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Developing mobility apps on Mac OS X and Solaris

Posted by terrencebarr on September 21, 2008 at 6:39 AM PDT

1212841574138_solaris.jpg The Sun WTK (Wireless Toolkit) for years has been the de-facto standard for mobile development on the Java platform (together with the "Mobility" plug-in for NetBeans which is itself built on the WTK and hooks it into the NetBeans IDE).

However, the original architecture and implementation of the WTK was quite OS specific and had a number of hooks into the underlying platform features and so the WTK has been only available for Windows and, lately, for Linux. Developers on Mac OS X (and Solaris, for that matter) were left out in the cold. But due to the numbers and Windows being the vastly predominant platform developers were using it just didn't make sense to create (and support!) a whole new port of WTK to the Mac platform.

So what can Mac users do (and I am one myself) to develop mobility apps on OS X? The recommended method currently really is to run Windows (or Linux) in virtualization (via VirtualBox, VMWare Fusion, or Parallels) and then the WTK on top of that virtualized OS. Not exactly elegant but it is generally pretty painless and works very well if your goal is to be productive and just get the job done.

However, increasingly, people are also going the route of using Java ME emulators written in Java SE to provide mobility functionality on platforms that otherwise lack WTK support, such as OS X and Solaris. Some examples are mpowerplayer and microemulator. While this approach is not perfect (in particular, Java SE-based emulators tend to lack tight platform integration, some advanced tools such as monitoring, and some of the latest JSRs features) it does allow the Mac OS user to run and develop Java ME applications directly on OS X.

Karol Harezlak from the NetBeans team has built a plug-in for microemulator that allows Java ME application development within NetBeans 6 in a fashion similar to the original Mobility plug-in under Windows and Linux. Currently there are still a couple of limitations with this in respect to the microemulator functionality (MIDP CustomItem is not completely implemented and there are a couple of issues with some JSR implementations). But it's a great start and since microemulator is an open source project I expect the community to continue to address the remaining issues over time.

Found out more on the NetBeans wiki.

Cheers,

-- Terrence

Comments

Given attitudes such as this there is a strong possibility of the Java ME platform drifting into obscurity. Rightly or wrongly the pace of mobile development is being driven by Apple and there are legions of developers with a fantastic range of skills and knowledge of mobile development writing fantastic applications ON MACS! Many of these, myself included, are now branching out and applying our skills to other platforms and have high expectations of a seamless and high quality experience. It is clear that Google recognise this and are actively courting these developers. In addition to their SDK they have released an Eclipse plugin that makes it EASY to start Android programming ON MACS! I have also now started learning how to develop applications for WebOS on the Pre since they have also simplified the development process. My day job is running a degree in Mobile Development in a University faculty that uses Apple Macs and as a result students are being taught three platforms: iPhone, Android and from September WebOS. We are producing dozens of skilled Mobile Developers ready to contribute to a growing marketplace and NONE OF THEM will be using JavaME. Is that not rather worrying? It would worry me. The lame excuses given in the previous post will have to give way to a motivation to make it as easy to develop JavaME applications on ANY PLATFORM as it is to develop Android apps. Unless this happens the platform will continue its drift into obscurity. And the worrying thing is it does not have much further to go... M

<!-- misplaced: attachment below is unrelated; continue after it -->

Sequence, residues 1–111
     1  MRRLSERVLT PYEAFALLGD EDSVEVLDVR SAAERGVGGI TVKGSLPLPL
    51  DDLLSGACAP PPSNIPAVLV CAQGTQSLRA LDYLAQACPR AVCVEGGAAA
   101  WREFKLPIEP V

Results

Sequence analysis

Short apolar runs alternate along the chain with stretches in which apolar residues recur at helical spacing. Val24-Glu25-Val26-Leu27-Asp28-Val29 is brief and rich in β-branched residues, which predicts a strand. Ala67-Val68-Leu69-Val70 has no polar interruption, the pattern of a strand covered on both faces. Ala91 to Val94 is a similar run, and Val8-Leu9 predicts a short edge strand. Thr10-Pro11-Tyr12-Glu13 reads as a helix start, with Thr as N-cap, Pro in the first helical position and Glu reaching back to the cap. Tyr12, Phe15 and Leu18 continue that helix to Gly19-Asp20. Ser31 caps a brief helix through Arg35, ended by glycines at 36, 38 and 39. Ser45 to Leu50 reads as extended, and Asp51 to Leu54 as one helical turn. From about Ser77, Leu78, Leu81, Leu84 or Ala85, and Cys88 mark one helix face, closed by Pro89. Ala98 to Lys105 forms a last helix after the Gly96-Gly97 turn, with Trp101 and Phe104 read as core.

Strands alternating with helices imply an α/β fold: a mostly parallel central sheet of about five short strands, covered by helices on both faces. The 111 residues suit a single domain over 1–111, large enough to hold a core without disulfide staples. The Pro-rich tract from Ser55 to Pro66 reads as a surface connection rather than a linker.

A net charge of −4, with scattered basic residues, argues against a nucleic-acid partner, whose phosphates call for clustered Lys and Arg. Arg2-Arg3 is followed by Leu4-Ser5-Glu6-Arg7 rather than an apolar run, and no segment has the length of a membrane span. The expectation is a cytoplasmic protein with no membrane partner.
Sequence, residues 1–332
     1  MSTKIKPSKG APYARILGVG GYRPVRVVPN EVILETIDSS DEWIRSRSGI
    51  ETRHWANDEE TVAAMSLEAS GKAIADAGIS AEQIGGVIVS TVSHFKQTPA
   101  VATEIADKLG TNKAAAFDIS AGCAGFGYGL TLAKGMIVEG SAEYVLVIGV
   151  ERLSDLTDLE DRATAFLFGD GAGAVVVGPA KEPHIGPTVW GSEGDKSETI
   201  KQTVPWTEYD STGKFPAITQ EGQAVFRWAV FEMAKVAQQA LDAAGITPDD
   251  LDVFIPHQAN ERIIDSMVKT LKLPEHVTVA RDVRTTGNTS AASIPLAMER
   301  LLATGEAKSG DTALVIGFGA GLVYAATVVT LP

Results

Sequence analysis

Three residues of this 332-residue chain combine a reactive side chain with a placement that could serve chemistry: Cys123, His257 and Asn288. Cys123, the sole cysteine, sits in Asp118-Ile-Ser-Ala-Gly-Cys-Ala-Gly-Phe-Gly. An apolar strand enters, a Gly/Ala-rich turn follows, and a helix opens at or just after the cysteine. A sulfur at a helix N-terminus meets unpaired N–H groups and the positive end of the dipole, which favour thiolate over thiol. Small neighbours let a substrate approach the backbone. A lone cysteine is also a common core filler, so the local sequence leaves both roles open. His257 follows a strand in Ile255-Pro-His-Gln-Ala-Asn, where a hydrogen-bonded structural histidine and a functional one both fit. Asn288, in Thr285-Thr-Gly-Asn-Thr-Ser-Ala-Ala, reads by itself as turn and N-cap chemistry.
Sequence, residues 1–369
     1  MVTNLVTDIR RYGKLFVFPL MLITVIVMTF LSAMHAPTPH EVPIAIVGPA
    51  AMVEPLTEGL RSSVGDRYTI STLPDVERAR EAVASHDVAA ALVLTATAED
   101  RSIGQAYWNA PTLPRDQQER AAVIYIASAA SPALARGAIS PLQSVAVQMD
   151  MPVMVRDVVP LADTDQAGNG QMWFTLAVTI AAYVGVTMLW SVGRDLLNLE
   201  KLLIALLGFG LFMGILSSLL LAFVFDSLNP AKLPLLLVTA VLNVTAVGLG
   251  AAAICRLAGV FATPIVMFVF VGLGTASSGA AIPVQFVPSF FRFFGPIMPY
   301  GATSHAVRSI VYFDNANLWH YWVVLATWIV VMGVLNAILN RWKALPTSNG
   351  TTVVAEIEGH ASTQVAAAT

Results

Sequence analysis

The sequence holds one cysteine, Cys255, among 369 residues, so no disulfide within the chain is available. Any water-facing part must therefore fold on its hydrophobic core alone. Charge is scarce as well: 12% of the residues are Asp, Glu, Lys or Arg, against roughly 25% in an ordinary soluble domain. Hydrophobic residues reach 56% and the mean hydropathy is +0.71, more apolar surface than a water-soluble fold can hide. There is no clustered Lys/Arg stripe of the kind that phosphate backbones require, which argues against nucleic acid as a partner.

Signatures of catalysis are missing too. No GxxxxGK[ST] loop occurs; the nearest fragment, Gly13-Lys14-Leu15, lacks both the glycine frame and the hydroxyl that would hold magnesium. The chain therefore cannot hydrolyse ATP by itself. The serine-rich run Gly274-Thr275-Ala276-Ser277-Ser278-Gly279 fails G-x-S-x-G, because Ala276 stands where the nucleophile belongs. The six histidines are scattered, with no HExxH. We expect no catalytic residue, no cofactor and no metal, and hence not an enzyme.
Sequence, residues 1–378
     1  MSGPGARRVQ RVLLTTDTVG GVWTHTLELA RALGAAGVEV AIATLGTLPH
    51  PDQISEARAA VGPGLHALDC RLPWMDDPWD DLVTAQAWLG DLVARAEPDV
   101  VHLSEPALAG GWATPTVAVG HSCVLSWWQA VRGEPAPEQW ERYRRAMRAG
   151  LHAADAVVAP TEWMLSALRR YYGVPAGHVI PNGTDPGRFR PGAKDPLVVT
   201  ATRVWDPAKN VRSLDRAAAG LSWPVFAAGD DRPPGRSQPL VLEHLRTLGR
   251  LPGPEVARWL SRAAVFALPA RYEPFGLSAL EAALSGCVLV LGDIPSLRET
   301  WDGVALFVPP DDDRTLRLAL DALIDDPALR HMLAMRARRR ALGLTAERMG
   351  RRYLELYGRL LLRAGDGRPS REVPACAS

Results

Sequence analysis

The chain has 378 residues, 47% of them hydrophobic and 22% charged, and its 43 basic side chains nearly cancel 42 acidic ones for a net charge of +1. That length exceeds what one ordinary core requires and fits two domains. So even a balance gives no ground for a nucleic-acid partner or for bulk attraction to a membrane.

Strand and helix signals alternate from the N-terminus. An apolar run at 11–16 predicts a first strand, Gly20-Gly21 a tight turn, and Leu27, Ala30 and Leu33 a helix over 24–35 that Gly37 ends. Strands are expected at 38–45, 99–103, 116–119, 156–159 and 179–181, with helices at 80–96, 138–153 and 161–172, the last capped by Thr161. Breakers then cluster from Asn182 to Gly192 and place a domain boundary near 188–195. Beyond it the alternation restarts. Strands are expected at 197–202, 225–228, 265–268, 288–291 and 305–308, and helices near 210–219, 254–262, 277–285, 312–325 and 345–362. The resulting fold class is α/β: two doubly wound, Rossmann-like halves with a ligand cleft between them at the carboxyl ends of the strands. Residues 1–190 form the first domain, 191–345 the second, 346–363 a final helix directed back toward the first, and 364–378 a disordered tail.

robdaemon,

WTK fundamentally needs three things: A UI that the user can interact with, a virtual machine with special hooks for tools and monitoring, and finally implementations of all the JSRs such as graphics, media, location, 3D graphics, and more.

Most of this can be built on a pure Java SE platform today but when WTK was developed 10 years ago Java SE was not up to the task. Therefore, using a special version of KVM (which mostly C-based) and leveraging the existing features of the underlying Windows platform was a much more direct approach.

Since then, WTK has involved and has added many features and supported JSRs. As with any software project it becomes increasingly difficult to throw away existing work and rearchitect the product and make it more portable and flexible. There has to be a business case to do so.

On the upside, WTK 3.0 will have major architectural improvements that improve portability, including using the phoneME code base as the underlying Java stack which is more feature-rich, modular, and portable than KVM.

I'm the first one to love to have full Java ME support on the Mac but the history of the WTK product can't be ignored.

-- Terrence

I'm sorry, I have to find fault with the argument that it doesn't make sense to support Mac OS X developers. Had the underlying architecture of the WTK been 100% Java, this would never have been a problem. What is lacking in the Java SE platform that makes it unappealing for producing the WTK and the emulator? I'd love to develop J2ME applications, but my two platforms of choice are Mac OS X and OpenSolaris. I've managed to follow some blog posts online to get NetBeans and MicroEmu to play together nicely, but why must it be this hard?